One of the most prestigious film festivals in North America, the Toronto Film Festival, has begun to announce its line up for 2013. The event takes place September 5-15 and as usual, the line-up includes pretty much every highly-anticipated awards contender scheduled for release through the end of the year.
Just a few examples are the Jackie Brown prequel Life of Crime, Matthew McConaughey in Dallas Buyers Club, the star-studded August: Osage County, Idris Elba in Mandela: Long Walk To Freedom, Steve McQueen’s 12 Years A Slave, the West Memphis Three film Devil’s Knot (above), Jason Reitman’s latest Labor Day, Jason Bateman’s debut Bad Words, Ron Howard’s Rush, the Wikileaks film The Fifth Estate, Mike Myers’ documentary Supermench, Matthew Weiner’s You Are Here, Hugh Jackman in Prisoners, Keanu Reeves’ Man of Tai Chi and Alfonso Cuaron’s space drama, Gravity.
And they haven’t even finished announcing everything. Below, read everything in this first wave. Read More »
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Briefly: Paul Haggis is looking to follow his thriller The Next Three Days with a drama called Third Person, and he is assembling an impressive cast for the film. Offers are out to Liam Neeson and Olivia Wilde (both of whom had small roles in The Next Three Days) and now Haggis says the production is also in talks with Mila Kunis, Casey Affleck, James Franco and Moran Atias to fill out the rest of the film’s major roles. Read More »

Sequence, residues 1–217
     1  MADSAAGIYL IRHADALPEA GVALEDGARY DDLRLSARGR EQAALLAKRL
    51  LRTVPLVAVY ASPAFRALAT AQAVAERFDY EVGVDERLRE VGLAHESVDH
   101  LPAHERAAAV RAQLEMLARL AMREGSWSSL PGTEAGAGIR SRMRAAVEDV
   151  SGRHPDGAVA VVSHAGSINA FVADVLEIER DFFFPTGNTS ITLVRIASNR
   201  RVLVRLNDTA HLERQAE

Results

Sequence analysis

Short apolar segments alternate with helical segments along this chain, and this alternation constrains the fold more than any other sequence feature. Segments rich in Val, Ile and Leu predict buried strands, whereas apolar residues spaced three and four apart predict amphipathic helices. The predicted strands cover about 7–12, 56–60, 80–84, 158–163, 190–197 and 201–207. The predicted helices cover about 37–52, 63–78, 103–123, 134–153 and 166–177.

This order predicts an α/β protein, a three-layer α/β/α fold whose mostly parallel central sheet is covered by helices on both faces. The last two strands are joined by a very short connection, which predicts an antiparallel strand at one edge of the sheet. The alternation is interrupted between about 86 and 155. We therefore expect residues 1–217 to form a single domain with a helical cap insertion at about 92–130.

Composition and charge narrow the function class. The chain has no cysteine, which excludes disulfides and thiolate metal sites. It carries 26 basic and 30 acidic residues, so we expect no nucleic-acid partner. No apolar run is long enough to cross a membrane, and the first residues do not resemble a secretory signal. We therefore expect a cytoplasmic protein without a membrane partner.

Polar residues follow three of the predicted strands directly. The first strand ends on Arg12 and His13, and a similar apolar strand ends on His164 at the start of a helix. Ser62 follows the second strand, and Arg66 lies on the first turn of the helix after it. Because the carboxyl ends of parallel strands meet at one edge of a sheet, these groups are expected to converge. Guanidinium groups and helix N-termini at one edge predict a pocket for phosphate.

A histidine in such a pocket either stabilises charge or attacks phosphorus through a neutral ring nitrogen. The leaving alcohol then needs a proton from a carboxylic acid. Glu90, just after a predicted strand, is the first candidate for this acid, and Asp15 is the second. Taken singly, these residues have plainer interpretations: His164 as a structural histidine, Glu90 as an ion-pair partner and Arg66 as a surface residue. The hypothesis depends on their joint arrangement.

Briefly: Paul Haggis had been just another go-to TV writer/director until he wrote and directed 2004′s Crash, which became the most polarizing Best Picture Oscar winner in years. His work hasn’t been as able to rile people up since then. Now he’s planning a picture that, based on a brief description, calls up a few images of Crash more than anything he’s done since, but doesn’t sound likely to draw the same fire.
Mr. Haggis has been booked to write and rumored to direct the TV-to-screen version of The Equalizer, but now he says he’s been working on a script called Third Person, featuring “an ensemble drama about three couples around the globe.”
The writer/director told the LA Times that Third Person is based in the intent “to do a serious story about modern relationships set against scenic locales (New York and Rome are two of them) and to develop each character as much as possible — which is why he is keeping the plotlines to three instead of the roughly half-dozen in Crash.” Asked about the similarity between the vague plot description and films like the fluffy ensemble romance Valentine’s Day he says it is a bit like that sort of film, “but darker. Much, much darker.”
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